1. I wish I could remember where I read it, but your words remind me of a quote that gave me considerable food for thought. The writer was assuring another mum that “the time for your parenting in the flesh has come to an end, but now, you will parent in the spirit.” And quite honestly, I would also say that, as mums of adult sons, we parent via the Capital S Spirit as well, because we rely on him to hold sway in our hearts.
      So good to hear from you, Cara.

  4. I do feel i know my daughter more, because she and I are so alike and she is a girl, but I also know my son and I have a strong and special connection. I think part of the trick is to let them go and make their own life and their own decisions as they grow. Being there to support, encourage and love them along the way as they pursue their dreams, which often are different from our own dreams for them. Smothering them and nagging them makes them run long and fast, or maybe give up in defeat. Boy relationships can be special. As moms we can love them, emotionally engage with them, and encourage them in ways their dads often cannot. I love your part about, “in recent years as our grown children actually have offered to us their gifts of wisdom or practical help.” I have seen this with my children and it is such a full circle of life.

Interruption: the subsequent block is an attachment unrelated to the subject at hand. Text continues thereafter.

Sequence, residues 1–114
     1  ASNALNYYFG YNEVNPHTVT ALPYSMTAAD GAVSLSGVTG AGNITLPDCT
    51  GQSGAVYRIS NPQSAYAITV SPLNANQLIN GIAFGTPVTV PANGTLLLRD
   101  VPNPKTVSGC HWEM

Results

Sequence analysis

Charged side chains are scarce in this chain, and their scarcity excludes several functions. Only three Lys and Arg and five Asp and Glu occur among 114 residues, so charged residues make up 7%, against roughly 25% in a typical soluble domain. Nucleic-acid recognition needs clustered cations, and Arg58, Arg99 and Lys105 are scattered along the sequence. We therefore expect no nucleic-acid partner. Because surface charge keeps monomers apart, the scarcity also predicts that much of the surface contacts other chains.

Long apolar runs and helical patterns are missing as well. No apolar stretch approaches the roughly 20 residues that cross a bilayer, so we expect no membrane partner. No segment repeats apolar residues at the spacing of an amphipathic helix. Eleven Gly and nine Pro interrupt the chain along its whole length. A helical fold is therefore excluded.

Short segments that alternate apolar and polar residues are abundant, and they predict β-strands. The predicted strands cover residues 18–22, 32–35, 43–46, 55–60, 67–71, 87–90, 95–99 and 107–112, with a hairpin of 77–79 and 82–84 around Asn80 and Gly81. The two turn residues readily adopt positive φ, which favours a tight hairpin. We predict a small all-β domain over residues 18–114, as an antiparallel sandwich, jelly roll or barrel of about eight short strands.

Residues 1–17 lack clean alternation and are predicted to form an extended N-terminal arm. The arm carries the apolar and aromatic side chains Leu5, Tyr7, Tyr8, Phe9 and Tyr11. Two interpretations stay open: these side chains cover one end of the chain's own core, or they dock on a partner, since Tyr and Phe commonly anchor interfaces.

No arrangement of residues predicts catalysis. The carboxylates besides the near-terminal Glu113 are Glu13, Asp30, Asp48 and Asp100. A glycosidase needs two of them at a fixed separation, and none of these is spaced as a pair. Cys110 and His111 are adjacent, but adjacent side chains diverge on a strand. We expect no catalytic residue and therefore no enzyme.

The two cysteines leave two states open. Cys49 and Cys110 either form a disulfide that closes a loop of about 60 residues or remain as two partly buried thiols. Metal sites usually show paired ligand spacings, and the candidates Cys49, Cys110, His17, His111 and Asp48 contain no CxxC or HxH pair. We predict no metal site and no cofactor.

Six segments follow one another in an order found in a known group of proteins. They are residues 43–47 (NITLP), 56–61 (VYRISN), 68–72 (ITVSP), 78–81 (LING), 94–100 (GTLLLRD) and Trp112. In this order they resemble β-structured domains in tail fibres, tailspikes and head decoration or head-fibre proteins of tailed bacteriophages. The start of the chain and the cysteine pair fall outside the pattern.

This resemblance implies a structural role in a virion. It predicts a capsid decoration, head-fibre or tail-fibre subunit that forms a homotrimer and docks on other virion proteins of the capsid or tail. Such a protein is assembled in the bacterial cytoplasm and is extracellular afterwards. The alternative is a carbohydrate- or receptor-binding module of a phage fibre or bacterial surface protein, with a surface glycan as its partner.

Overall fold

1. I feel as if I understand some of our sons more easily than others. And, of course, there are also aspects of all four that I just don’t get, and may never understand. I agree with you about being careful not to inflict our own desires upon our kids. They have the potential to do and to be SO MUCH MORE than we envision.

  5. I screenshotted the final paragraph, brought tears to my eyes. I’m in a laying the groundwork phase with my sons, 1 toddler and 1 teen. Two very different levels of parenting. Learning to pray a heck of alot more and thank you for saying that I needed to love unselfishly. My teen is starting to grow up. He’s a young man and it feels like it happened out of nowhere. I wasn’t ready.. emotionally, thank you

    1. I think that oldest son does a lot of training for us mums who want to hang on.
      Love is such a sneaky thing, and we imagine that it somehow purifies our motives, but we have to be so careful to hang on tight where we are needed and to let go where we are not. I think it’s a balancing act only God can choreograph for us, and even though my nest is empty, I’m still learning the steps with my adult sons.